France claimed the region surrounding the Mississippi River in 1682 and named it La Louisiane, with settlements such as Fort Maurepas established in Mississippi. In 1714, the first permanent European settlement in Louisiana was founded by Louis Juchereau de St. Denis, named Natchitoches after a local tribe. This settlement was created to prevent Spain from settling further inland and to develop a trading network with Spain. Louisiana was named after King Louis XIV of France by Robert Cavelier de La Salle. The region changed hands multiple times before becoming a US territory, with France, Spain, and Britain each having control at different times. By 1860, almost half of Louisiana’s population were slaves, and the state suffered a quick defeat during the American Civil War due to its reliance on slavery.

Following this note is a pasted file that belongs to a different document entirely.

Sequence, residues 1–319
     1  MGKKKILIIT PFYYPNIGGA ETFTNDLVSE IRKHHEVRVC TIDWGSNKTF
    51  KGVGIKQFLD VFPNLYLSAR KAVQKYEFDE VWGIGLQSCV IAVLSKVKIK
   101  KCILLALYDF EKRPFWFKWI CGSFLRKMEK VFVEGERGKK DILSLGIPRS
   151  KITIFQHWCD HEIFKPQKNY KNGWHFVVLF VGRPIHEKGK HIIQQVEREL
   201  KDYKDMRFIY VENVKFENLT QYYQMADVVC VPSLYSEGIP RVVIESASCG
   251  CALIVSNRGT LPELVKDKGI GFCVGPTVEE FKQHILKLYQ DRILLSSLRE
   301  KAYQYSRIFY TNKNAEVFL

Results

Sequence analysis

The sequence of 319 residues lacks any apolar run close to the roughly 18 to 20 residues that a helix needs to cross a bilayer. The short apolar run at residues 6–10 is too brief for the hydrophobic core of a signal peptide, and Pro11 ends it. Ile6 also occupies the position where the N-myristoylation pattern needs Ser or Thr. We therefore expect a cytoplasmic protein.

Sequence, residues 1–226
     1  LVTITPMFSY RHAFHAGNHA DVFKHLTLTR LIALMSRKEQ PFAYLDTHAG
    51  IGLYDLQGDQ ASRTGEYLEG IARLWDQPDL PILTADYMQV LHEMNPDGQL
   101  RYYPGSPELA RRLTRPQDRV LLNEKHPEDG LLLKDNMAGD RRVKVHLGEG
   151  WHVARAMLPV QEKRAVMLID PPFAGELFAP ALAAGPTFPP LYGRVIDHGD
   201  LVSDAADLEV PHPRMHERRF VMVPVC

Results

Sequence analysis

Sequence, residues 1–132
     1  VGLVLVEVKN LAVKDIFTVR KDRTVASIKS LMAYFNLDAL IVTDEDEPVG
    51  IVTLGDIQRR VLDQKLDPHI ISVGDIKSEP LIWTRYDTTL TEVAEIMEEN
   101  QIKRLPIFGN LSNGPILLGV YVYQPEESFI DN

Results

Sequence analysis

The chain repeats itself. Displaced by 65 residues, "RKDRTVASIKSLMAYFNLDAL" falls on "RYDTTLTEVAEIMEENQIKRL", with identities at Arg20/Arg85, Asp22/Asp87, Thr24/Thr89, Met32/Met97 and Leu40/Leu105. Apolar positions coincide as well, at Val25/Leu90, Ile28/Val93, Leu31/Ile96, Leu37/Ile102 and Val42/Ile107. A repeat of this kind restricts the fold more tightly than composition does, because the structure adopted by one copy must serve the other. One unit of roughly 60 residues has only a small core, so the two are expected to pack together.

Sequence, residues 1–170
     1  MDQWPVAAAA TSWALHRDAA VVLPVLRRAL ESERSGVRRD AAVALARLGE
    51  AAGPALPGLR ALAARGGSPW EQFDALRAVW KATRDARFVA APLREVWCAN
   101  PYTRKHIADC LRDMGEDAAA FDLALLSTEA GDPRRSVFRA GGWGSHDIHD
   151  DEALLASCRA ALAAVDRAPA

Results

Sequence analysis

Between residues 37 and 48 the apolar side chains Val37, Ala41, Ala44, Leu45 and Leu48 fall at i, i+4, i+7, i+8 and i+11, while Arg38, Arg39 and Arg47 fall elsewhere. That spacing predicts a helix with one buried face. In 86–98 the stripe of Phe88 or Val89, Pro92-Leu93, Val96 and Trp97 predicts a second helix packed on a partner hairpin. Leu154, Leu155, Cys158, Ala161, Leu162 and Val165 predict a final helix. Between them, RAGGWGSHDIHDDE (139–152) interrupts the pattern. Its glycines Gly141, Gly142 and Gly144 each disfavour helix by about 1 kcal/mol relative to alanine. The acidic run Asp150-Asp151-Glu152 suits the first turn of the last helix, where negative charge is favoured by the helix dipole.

Louisiana was one of the initial states to join the Confederate States of America after Abraham Lincoln was elected President of the United States in 1861. However, the Union forces captured New Orleans in 1862, and Louisiana became a state within the Union. Violence increased significantly in the region after the emancipation of slaves. It wasn’t until 1866, with the Reconstruction act, that the violence began to decrease, and newly freed slaves gained some sense of equality under the laws of the US government.

While some parts of Louisiana’s land have been around for millions of years, other regions were originally sand and earth that was swept down the Mississippi River. This sand and earth built up over time, extending the landmass of Louisiana. Louisiana has more than 60 thunderstorms per year on average, with the majority occurring over the summer. Louisiana is also very prone to tornadoes, with two on average reaching its shores every three years. A hurricane makes landfall in Louisiana every 2.8 years on average, with Hurricane Katrina being one of the worst hurricanes to hit the state.